Brent K. Harbaugh and John W. Scott
Matthew R. Mattia and John W. Scott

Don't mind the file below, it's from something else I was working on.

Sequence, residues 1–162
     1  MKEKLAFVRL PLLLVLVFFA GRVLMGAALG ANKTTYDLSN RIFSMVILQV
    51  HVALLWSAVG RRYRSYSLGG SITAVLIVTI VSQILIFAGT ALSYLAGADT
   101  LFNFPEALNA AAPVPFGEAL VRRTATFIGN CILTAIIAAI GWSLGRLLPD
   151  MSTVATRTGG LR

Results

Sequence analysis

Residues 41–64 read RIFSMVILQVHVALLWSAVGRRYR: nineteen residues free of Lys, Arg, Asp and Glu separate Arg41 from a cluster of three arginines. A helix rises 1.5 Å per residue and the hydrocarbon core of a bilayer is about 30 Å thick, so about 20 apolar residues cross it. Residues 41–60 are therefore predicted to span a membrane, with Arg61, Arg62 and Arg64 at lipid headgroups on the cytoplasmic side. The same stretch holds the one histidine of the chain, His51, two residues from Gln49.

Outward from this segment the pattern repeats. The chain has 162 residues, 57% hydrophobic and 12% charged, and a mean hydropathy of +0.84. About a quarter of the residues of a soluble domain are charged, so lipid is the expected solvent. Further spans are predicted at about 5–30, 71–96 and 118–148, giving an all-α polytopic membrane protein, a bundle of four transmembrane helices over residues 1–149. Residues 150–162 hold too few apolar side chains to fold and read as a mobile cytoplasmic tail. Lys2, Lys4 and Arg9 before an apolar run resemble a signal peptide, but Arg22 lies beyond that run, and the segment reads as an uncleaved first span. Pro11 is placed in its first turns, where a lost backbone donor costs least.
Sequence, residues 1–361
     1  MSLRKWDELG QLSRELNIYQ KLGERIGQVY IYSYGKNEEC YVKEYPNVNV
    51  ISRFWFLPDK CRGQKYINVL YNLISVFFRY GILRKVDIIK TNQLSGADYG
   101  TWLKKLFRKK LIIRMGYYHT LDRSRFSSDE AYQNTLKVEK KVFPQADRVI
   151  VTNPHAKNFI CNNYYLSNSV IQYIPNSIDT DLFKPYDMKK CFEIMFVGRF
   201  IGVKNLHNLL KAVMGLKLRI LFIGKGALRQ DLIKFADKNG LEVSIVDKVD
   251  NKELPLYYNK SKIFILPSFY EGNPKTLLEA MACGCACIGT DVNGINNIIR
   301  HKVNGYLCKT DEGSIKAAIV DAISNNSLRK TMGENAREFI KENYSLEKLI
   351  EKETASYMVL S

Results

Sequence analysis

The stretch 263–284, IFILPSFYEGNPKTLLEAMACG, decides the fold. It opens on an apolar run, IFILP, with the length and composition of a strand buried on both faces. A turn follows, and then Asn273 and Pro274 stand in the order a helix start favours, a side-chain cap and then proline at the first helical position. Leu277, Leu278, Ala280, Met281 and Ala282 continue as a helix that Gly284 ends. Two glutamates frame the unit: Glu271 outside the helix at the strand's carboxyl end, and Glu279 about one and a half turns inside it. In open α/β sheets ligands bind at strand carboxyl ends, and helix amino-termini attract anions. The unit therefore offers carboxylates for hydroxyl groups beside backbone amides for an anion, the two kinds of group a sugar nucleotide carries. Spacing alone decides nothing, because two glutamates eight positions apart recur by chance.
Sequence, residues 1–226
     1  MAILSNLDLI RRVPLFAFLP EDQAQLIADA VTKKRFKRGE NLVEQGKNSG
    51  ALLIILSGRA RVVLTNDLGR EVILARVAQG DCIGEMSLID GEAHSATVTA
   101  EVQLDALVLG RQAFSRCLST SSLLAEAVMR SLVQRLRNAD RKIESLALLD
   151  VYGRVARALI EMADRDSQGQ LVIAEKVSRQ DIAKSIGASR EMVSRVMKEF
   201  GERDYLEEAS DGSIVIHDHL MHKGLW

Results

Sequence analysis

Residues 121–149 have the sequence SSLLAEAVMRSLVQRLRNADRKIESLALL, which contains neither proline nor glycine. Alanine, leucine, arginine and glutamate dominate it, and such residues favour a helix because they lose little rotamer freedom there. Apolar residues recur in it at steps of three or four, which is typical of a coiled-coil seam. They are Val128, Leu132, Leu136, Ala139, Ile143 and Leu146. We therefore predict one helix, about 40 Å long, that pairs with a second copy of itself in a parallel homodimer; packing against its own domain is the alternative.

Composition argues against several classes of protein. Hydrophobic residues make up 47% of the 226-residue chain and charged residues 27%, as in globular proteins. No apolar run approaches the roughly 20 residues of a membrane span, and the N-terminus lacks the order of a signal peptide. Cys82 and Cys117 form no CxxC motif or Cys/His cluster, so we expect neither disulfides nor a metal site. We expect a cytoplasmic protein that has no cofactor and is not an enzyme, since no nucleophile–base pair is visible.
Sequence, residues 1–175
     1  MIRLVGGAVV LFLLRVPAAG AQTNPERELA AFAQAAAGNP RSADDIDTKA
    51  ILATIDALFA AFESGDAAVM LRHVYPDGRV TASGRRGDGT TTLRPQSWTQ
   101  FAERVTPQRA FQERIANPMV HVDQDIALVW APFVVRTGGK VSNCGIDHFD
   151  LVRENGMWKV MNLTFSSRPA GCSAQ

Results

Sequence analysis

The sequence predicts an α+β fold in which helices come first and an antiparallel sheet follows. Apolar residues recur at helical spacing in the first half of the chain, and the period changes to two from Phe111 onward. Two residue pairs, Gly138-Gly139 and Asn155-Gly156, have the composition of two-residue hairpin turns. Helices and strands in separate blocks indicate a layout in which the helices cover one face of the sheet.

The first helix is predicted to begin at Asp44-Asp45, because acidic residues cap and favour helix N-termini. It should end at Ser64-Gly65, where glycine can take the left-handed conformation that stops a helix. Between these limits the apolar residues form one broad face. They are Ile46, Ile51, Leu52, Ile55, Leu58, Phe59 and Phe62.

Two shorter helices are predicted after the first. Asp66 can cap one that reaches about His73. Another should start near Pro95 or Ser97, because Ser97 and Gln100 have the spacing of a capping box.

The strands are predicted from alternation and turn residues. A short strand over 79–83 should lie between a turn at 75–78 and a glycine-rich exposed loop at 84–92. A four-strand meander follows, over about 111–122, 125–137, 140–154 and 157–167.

Tomato (Solanum lycopersicum) breeders have observed that plants with uniform green-shouldered fruit are less prone to yellow shoulder (YS) than are plants with (dark) green-shouldered tomatoes and thus have selected for tomato cultivars with uniform green-shouldered fruit. However, a recent publication reported that a cultivar with green-shouldered fruit had significantly higher soluble solids content (SSC) than an isogenic cultivar with uniform green-shouldered fruit and postulated that selection of uniform green shoulder has negatively affected tomato flavor and processing quality. Lines with dark green (u +), uniform green (u), uniform gray-green (ug), apple green (u Ag), medium green, and pale green (u Pg) immature fruit colors were crossed in all combinations to produce F1 plants that were self-pollinated to produce F2 seed. Parents, F1, and F2s were planted in the field in completely randomized block designs over two seasons. Plants were visually phenotyped for immature fruit color, and fruit from each plant were selected to measure shoulder and base color with a colorimeter. Ripening fruit were harvested to measure the incidence of YS, and SSC was measured on ripe fruit from each plant with a refractometer. In the spring season, fruit from F2 plants with green-shouldered fruit had significantly higher YS incidence than all phenotypes with uniform fruit colors. In the fall, phenotypes with medium-green shoulders were also tested, and these had greater YS than all other phenotypes except green shoulder. YS incidence for green shoulder was not significantly greater than that in the other phenotypes. Fla. 7956, the apple green parent, had 0% YS and appeared to be resistant. Higher SSC was observed in the spring season than in the fall season. However, in both seasons, when comparisons were made between phenotypes that segregated in the F2s, the SSC of green-shouldered phenotypes was not significantly higher than that of other phenotypes. Plants with apple green fruit tended to be higher in SSC in the fall, but this may relate to the dark green foliage of apple green plants and not just the fruit color. A hypothesis that stress may relate to reported SSC increases because of u + is discussed.